Pan sees earning requirements as creating a floor on negative pricing, but insurers may find themselves increasingly squeezed between competitive and other downward pressures on price, and a need to maintain a level of underwriting income that can offset weak investment yields.

While navigating that narrowing range may be a challenge, Pan does not see a situation where policies are left unwritten.

“Every company models risk differently,” he said, “so they might have a different pricing strategy and will make different pricing decisions.”

Buyers may see prices decrease, but they may also find themselves having to search a little harder to find insurers willing to write the policies they seek at the price they want.

Hartwig said he has faith insurers will govern themselves effectively.

“You’re not seeing undisciplined pricing in the market today,” he said.

“You’re seeing a very competitive market… There may be some margin compression but you’re not seeing irrational pricing in the marketplace.”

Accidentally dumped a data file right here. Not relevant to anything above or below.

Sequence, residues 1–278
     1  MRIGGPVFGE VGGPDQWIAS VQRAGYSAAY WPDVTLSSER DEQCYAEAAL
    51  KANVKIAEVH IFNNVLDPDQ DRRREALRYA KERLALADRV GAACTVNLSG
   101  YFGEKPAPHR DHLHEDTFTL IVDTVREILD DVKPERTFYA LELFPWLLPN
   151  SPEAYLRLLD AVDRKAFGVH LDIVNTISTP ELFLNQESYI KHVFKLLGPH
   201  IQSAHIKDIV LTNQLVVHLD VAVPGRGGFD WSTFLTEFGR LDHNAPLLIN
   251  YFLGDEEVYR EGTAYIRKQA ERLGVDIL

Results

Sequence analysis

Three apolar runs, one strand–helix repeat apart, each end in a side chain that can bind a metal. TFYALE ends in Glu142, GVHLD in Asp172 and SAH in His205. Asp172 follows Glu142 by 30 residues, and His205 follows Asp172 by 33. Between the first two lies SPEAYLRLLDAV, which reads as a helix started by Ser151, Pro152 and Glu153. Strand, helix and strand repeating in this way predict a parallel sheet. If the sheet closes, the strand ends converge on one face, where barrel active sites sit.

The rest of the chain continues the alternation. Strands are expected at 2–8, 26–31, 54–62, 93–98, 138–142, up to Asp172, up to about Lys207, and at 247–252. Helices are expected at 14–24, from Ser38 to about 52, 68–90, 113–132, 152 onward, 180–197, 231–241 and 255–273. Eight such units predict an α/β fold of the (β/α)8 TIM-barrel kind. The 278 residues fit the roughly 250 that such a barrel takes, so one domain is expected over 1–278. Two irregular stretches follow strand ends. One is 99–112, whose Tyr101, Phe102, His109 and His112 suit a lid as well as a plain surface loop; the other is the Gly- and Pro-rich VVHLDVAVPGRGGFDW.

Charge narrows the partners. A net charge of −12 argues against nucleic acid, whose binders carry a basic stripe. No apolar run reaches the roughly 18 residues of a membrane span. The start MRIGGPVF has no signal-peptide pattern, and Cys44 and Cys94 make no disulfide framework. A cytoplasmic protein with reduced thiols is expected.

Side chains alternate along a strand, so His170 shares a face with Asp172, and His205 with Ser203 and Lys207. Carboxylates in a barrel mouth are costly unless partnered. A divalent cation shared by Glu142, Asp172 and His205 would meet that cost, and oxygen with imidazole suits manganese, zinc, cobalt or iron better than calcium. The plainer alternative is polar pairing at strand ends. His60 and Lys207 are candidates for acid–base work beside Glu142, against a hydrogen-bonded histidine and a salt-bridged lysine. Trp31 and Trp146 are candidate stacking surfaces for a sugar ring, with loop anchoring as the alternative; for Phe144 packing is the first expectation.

Pan and Hartwig both see insurers benefiting from new tools to help them make pricing decisions.


“There’s no question that insurers have better management information systems in place that allow them …to make sure that any adjustments that need to be made can be made more quickly than in the past,” said Hartwig, something that will help diminish recognition lags as well as the amplitude of the industry’s inevitable cycles.

“Advances in technology in terms of data and analytics, will help [insurers] make more informed underwriting decisions, to maintain a desirable underwriting margin,” said Pan.

“But you will find some players probably underpriced.”

Jon McGoran is a novelist and magazine editor based outside of Philadelphia. He can be reached at [email protected]

More from Risk & Insurance

More from Risk & Insurance

Cyber Resilience

No, Seriously. You Need a Comprehensive Cyber Incident Response Plan Before It’s Too Late.

Awareness of cyber risk is increasing, but some companies may be neglecting to prepare adequate response plans that could save them millions. 
By: | June 1, 2018 • 7 min read

To minimize the financial and reputational damage from a cyber attack, it is absolutely critical that businesses have a cyber incident response plan.